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Fordham Begins Website Reconstruction

Redesign of Website’s Infrastructure and Content Expected to be Finished Within the Next 18 Months


Published: Wednesday, April 25, 2012

Updated: Wednesday, April 25, 2012 02:04

The Fordham University website has been a cause of concern for many in the Fordham community due to its outdated, confusing nature. Over roughly the next 18 months, however, the website will undergo an entire reconstruction aimed to alleviate much of the confusion and better market the University to prospective students and faculty.

This reconstruction is an enormous undertaking, requiring Fordham to put together a University-wide assessment team that includes members of the Marketing and Communication department, Information Technology (IT), a member of the Provost staff and several faculty members to begin this job.

 James J. Kempster, senior director of marketing and communications, was asked to assess where he believed the University was at with its current website when he arrived at Fordham last year.

“I knew it was an enormous task when we began talking about what has happened [with web design] over the last 10 years and about what we needed to be doing,” Kempster said in a phone interview.

Kempster learned that the website had not been updated, with the exception of a “face-lift” in 2008 that was strictly a template renovation.

“The content management system underneath it is very old and it is time for a change,” Kempster said.

Kempster realized that the website is a primary marketing tool for prospective students and faculty, as it is the first impression of Fordham many see.

“Almost 20 percent of students that applied had never actually called, or visited or spoke to anyone in person,” Kempster said. “I’m guessing that means that they learned about Fordham through the website and just applied. It shows how important of a tool it is in recruiting.”

The website redesign initiative began in June 2011 when Kempster shared his preliminary thoughts with University vice presidents and admission directors. He presented the idea of creating a core team of administration and faculty to direct the process and hire the assessment team. Kempster took their feedback, revised his proposal and presented it to the vice presidents and deans in October 2011.

After the October meeting, the group created the assessment team and immediately sent out a request for a proposal to several companies.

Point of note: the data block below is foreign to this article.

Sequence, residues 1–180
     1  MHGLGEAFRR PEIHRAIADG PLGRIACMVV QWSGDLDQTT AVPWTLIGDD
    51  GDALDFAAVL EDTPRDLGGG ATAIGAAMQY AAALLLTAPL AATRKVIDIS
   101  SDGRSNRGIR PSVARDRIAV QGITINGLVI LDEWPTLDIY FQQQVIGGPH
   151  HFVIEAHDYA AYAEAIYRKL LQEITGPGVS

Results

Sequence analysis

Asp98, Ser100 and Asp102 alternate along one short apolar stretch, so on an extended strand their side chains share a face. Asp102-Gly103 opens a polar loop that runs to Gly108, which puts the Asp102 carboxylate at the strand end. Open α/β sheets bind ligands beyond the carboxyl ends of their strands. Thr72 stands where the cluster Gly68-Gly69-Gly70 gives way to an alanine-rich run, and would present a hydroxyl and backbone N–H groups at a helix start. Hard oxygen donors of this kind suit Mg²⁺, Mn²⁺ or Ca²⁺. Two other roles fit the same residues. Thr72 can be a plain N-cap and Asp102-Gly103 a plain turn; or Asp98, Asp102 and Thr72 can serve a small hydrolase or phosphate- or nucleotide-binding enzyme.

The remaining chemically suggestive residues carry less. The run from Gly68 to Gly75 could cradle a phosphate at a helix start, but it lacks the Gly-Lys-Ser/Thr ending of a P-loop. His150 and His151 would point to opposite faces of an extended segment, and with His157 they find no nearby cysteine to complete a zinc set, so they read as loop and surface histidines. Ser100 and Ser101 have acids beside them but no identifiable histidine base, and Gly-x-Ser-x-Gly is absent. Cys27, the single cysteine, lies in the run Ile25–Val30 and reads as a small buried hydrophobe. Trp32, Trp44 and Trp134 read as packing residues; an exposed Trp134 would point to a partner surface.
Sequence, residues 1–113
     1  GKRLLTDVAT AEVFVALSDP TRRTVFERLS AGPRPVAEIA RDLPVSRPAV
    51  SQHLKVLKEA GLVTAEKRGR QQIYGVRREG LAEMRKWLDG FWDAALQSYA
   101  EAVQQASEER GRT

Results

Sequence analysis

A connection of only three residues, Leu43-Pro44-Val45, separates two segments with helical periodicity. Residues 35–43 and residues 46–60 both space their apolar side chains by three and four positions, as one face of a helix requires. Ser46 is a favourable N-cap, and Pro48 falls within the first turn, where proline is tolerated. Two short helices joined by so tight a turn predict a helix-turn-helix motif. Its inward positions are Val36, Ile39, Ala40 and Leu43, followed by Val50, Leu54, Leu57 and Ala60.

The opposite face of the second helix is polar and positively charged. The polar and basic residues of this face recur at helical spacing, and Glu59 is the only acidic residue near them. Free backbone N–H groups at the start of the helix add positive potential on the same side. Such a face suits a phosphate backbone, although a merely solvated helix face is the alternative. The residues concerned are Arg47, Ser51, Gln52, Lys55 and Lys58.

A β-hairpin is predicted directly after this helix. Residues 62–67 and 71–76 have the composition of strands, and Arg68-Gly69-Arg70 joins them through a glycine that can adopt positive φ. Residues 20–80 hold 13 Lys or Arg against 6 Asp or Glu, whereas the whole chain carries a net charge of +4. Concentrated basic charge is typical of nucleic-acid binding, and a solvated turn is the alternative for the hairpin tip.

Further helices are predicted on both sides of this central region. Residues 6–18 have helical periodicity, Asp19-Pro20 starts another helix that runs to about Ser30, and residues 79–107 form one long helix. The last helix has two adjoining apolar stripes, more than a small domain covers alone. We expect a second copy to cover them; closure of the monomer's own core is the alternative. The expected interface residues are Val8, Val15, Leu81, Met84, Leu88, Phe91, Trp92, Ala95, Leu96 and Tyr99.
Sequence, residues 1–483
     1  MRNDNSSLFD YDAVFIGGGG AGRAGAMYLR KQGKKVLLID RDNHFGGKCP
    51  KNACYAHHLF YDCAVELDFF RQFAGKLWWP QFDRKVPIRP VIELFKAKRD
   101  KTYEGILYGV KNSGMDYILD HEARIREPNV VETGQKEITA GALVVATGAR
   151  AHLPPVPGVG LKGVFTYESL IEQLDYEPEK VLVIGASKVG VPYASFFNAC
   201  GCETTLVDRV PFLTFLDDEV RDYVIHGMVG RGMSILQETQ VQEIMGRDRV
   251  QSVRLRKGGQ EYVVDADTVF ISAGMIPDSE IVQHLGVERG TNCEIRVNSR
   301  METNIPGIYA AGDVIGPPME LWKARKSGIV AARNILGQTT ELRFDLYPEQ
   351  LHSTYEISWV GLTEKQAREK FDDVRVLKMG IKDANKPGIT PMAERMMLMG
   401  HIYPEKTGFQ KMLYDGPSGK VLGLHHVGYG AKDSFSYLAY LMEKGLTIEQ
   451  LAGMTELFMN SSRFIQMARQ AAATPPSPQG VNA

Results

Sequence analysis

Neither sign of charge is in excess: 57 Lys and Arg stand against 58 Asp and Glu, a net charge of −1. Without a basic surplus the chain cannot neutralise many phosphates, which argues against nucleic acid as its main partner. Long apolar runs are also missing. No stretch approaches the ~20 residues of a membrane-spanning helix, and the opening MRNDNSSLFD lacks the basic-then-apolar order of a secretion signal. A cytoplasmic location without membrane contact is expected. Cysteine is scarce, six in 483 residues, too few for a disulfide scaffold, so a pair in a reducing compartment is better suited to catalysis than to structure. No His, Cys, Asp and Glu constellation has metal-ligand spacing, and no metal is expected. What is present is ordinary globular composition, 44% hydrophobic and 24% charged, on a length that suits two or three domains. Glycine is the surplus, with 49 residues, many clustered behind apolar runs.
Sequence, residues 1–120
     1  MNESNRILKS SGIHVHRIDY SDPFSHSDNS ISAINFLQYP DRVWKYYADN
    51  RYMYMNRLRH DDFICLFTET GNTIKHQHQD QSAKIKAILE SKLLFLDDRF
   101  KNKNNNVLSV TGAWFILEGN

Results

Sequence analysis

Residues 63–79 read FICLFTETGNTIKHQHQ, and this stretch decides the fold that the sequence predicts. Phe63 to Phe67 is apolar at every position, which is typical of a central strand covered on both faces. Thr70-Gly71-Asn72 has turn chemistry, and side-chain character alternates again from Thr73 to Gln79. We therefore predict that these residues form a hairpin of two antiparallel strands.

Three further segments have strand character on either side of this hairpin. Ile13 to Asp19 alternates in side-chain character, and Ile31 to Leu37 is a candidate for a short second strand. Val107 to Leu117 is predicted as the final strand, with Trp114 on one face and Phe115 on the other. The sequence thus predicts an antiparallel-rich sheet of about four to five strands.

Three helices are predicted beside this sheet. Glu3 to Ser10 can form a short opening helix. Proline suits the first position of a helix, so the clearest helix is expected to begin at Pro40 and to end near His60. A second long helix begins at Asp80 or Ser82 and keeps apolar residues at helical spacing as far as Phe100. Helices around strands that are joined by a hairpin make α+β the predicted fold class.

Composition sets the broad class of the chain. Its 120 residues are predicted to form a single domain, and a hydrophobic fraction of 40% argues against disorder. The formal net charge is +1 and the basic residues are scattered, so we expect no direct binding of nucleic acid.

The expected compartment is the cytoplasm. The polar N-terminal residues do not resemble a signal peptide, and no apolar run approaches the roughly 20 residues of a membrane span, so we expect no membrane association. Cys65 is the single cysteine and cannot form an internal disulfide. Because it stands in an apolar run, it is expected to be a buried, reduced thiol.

“We, as a group, selected the top two and invited them in to present,” Kempster said. “We hired the one that we thought fit best.”

The team chose the communication strategy and implementation services company, mStoner.

“They’ve worked with a variety of schools, such as William and Mary,” Kempster said. “We went with them, because they had a good sense of us as a University and Fordham’s community, so they were able to understand us and create a website that works well with our needs.”

The team’s current goal is to finish the assessment by the end of May. Then they can lay out the timeline, break it down phase by phase and eventually launch the new website.

“We want to take our time and develop something that will work really well with Fordham in terms of the technology, content and staff,” Kempster said. 

Students should be aware of the fact that they can have an active role in creating the best possible website for Fordham. There are two phases in which they can be involved as of now: assessment and design. Currently, students are involved in the assessment process, discussing how they use the website and what problems they find.

“All [the students] say that it’s impossible to navigate, and they can’t find what they need easily,” Kempster said. “They say it seems backward and awkward.”

A survey will also be sent out to all students so as many people as possible can participate and share their opinions. Then, once the webdesign starts, they will be invited to share their thoughts and potentially even be testers of the new site.

The goals of the assessment team for the new site will include creating better content management and adding a new interface to support new and upcoming features. These will include a news feed, videos, a robust calendar that will contain the majority of University events and a better navigation system.

“Currently our website can’t support these features,” Kempster said. “We need to make it easier to update content, because the current system is very old, and it makes an already difficult task even more challenging.”

University websites are some of the toughest to design because of the wide range of users. The website must fit the needs of current students and faculty, attract prospective students and staff and please the alumni.

“There’s a variety of different users which makes it tough to be streamlined and easy to use,” Kempster said. “We need to work toward making it much easier to navigate while creating a nicer-looking design.”

Another issue is that the current staff in charge of the website and its content is understaffed.

“Fordham doesn’t have enough full-time staff to be watching and developing web content as well as working with faculty and administration to keep content up-to-date,” Kempster said. “We need to structure the staff that will create, and in the future, maintain [the website].”

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